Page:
The College of Arts and Sciences at the University of Kentucky in Lexington, KY invites applications for a post-doctoral scholar in the field of Catholic Studies. This position will begin in August 2021 and is possibly renewable for one year. Applicants must have Ph.D. in hand, having completed a dissertation related to some aspect of Church History, Catholic art, Catholic architecture, Catholic music, Catholic liturgy, Catholicism and literature, the sociology of Catholicism, the anthropology of Catholic communities, gender and Catholicism, Catholic Philosophy, Jewish-Catholic relations, Islamic-Catholic relations, Catholic mission history, Catholicism in Latin American society or politics, Catholicism in China or Japan, Biblical Studies, Catholicism and the environment, or another field centered on Catholic tradition, experience, or impact. The position carries a 2-2 teaching load, for some combination of existing courses in the catalogue and courses proposed by the Scholar. The Scholar will also work with the Director of World Religions and other faculty on future curricular development and public programming to be implemented during the year of the appointment. It is expected that the Scholar will be in residence and available for in-person teaching.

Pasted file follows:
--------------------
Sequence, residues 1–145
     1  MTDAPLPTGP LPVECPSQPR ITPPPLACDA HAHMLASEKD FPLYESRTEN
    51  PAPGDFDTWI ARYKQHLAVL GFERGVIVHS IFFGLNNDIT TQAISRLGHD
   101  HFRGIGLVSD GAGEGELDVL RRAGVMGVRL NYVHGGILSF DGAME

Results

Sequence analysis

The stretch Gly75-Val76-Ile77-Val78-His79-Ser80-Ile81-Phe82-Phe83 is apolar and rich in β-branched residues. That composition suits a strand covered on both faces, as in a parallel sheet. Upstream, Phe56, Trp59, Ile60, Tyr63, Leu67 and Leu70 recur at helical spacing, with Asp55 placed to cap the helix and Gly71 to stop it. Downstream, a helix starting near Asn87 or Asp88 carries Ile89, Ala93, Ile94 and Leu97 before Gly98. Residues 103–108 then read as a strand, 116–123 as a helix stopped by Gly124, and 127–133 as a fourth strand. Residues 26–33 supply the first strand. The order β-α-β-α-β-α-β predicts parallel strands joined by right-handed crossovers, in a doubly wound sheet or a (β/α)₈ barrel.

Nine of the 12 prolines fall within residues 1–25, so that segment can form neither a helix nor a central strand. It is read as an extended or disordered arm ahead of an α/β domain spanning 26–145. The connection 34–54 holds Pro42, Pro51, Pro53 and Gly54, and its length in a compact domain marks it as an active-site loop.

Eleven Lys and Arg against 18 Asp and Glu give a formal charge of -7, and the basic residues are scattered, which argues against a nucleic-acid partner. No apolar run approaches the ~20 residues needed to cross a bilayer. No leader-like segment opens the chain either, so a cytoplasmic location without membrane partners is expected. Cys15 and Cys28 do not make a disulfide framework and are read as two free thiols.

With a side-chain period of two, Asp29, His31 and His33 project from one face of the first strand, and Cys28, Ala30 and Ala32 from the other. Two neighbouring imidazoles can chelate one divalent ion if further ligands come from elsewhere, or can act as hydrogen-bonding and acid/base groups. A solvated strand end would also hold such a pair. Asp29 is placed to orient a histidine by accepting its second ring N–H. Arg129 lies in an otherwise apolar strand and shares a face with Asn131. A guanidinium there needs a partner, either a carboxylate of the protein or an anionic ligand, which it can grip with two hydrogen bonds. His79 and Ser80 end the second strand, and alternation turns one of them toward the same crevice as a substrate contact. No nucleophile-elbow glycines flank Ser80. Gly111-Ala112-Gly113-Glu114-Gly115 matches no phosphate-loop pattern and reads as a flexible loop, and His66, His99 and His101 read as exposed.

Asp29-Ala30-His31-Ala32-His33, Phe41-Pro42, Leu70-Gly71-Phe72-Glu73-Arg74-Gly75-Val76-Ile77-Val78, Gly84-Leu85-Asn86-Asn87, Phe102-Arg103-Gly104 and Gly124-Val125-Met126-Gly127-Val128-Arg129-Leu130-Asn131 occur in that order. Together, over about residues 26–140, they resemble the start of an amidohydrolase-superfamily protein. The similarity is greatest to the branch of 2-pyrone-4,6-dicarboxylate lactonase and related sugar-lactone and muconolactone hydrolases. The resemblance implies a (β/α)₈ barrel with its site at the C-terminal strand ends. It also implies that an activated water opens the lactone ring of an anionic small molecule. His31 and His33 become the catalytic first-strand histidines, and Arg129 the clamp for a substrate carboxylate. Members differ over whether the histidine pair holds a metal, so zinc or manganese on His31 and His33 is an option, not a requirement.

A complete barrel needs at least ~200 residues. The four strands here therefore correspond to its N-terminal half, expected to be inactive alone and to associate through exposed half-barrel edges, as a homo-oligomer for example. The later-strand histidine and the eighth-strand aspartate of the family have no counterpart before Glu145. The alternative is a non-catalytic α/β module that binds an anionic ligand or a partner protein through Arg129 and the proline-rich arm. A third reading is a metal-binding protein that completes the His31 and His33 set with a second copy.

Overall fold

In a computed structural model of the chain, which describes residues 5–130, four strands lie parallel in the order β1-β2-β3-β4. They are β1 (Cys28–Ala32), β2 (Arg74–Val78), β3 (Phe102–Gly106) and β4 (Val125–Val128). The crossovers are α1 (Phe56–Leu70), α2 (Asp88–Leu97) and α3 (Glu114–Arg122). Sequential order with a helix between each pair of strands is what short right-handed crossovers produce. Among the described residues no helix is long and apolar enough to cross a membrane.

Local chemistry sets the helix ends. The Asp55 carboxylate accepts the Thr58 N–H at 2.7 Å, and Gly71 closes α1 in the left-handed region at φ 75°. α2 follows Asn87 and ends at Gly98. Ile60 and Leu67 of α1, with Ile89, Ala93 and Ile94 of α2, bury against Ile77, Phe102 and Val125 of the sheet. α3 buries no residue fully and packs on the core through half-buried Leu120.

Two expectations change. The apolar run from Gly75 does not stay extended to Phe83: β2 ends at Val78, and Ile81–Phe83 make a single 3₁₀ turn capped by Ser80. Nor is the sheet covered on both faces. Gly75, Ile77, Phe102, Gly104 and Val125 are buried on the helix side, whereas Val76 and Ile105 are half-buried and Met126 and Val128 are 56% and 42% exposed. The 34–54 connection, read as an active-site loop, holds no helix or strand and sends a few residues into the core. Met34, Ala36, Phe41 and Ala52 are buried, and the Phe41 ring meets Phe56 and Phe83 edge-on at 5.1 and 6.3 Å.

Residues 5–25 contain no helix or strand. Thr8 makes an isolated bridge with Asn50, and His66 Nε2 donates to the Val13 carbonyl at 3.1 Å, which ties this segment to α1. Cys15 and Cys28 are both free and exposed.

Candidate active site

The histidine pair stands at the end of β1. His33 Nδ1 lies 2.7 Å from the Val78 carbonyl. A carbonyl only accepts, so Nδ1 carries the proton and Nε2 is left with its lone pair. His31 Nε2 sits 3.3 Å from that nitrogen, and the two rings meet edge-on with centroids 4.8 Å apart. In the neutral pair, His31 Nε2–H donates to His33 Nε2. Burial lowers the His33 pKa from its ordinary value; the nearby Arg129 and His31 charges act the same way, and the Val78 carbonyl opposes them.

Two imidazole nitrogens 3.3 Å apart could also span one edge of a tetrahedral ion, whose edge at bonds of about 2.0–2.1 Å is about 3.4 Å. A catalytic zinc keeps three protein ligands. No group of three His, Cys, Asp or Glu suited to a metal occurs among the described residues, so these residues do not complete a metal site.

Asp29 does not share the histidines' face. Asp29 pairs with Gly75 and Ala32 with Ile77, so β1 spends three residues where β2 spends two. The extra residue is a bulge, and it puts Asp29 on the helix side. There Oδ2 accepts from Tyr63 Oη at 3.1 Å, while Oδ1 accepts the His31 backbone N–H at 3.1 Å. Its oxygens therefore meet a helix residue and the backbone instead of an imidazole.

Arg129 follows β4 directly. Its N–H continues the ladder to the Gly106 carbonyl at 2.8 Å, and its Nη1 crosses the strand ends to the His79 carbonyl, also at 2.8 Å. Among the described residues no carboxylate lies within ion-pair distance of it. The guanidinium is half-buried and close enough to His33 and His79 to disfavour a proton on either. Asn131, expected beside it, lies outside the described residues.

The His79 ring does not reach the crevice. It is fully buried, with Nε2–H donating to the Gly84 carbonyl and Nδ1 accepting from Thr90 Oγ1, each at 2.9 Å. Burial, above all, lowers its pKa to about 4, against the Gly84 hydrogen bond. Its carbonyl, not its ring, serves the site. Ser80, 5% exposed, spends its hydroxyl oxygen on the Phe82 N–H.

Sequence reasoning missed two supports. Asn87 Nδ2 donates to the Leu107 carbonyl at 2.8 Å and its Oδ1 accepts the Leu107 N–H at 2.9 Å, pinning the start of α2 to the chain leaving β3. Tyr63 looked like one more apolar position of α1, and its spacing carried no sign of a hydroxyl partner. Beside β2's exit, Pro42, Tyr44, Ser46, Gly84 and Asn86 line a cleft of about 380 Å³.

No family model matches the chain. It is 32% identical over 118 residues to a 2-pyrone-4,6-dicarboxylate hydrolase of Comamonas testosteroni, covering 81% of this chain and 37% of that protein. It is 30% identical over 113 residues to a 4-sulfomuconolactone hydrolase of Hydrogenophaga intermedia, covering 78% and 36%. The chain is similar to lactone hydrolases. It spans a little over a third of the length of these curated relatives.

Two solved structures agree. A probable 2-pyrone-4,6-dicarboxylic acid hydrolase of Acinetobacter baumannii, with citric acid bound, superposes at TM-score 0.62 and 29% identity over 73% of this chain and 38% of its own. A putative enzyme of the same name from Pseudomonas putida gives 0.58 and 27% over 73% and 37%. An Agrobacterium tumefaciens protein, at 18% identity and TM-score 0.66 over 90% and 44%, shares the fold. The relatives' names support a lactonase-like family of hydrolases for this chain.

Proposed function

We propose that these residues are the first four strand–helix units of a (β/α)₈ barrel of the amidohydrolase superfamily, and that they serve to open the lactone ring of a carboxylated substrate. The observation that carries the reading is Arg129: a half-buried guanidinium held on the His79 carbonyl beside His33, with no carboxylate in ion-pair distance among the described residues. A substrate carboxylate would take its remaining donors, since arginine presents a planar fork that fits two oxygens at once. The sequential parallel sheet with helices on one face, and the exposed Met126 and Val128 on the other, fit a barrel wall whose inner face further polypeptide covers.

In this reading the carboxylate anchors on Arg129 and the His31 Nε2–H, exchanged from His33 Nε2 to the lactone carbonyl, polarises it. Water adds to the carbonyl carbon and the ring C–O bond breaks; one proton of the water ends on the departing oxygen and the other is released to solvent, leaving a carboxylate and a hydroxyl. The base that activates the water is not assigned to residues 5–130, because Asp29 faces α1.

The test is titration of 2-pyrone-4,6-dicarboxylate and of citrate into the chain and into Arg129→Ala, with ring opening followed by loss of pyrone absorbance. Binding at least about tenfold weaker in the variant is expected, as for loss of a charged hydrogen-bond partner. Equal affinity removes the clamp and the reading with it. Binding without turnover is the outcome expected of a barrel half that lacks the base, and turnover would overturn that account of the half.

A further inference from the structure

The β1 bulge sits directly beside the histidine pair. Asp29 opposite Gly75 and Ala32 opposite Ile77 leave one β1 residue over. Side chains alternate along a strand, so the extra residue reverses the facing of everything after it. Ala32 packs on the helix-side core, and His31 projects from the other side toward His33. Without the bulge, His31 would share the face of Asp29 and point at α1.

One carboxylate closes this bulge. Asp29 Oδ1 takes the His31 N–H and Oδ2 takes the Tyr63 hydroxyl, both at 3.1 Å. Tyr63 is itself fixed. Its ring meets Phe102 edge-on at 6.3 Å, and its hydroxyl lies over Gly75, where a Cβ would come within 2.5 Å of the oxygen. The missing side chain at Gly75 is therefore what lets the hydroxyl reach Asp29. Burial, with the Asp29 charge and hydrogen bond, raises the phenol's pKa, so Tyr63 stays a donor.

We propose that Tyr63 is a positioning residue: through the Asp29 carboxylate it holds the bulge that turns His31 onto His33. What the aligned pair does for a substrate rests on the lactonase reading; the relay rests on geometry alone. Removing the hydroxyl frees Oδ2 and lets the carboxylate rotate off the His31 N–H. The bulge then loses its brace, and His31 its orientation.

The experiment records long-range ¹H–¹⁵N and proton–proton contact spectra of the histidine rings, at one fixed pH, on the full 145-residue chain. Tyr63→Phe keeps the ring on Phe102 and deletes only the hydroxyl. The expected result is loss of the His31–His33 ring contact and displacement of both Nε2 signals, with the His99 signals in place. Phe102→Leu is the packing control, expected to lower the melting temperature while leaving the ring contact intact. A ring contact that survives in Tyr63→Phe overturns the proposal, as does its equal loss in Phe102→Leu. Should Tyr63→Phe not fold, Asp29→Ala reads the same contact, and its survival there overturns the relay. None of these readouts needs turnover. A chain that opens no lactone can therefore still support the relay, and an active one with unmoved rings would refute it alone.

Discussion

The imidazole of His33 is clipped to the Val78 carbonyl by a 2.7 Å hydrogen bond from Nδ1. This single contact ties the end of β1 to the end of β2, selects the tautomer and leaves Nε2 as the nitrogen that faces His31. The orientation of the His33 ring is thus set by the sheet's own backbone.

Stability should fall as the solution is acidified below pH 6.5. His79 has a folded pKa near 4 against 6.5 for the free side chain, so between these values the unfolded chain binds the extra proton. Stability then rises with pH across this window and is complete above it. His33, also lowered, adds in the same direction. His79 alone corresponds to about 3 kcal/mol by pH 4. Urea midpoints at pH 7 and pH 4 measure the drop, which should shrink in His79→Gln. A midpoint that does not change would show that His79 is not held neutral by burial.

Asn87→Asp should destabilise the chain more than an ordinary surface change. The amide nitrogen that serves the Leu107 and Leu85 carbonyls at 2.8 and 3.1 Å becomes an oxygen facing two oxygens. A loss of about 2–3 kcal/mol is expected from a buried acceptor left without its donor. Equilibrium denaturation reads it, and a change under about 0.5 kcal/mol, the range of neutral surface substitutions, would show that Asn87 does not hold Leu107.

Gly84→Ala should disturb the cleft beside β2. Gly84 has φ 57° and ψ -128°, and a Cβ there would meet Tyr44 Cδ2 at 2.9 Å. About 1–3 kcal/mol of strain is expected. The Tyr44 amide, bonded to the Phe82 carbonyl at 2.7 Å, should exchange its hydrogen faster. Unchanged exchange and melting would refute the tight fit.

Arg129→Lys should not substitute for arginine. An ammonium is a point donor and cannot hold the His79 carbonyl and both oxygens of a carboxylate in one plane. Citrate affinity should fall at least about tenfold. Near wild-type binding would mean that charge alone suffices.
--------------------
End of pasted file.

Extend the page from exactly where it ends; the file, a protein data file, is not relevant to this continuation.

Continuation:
Interested applicants should apply online at: https://ukjobs.uky.edu/postings/317513. Applications should include: 1.) a brief description of research interests (upload as Specific Request 1); 2.) a brief one paragraph description of the elements you would include in one of the existing Christianity or Methodology courses, listed at worldreligions.as.uky.edu/minor (upload as Specific Request 2); 3.) brief proposals (one paragraph for each) for two additional courses in Catholic Studies or Religious Studies (upload as Specific Request 3); 4.) a title and short abstract for a public lecture you would like to give in a “Catholicism and…” series (upload as Writing Sample); 5.) a one-paragraph description of a text on which you would like to guide a workshop for a general audience interested in Catholic Studies (upload as Cover Letter); and 6.) a curriculum vitae. In addition, please provide the names and contact information for three references when prompted in the academic profile. This information will be utilized to solicit recommendation letters from your references within the employment system.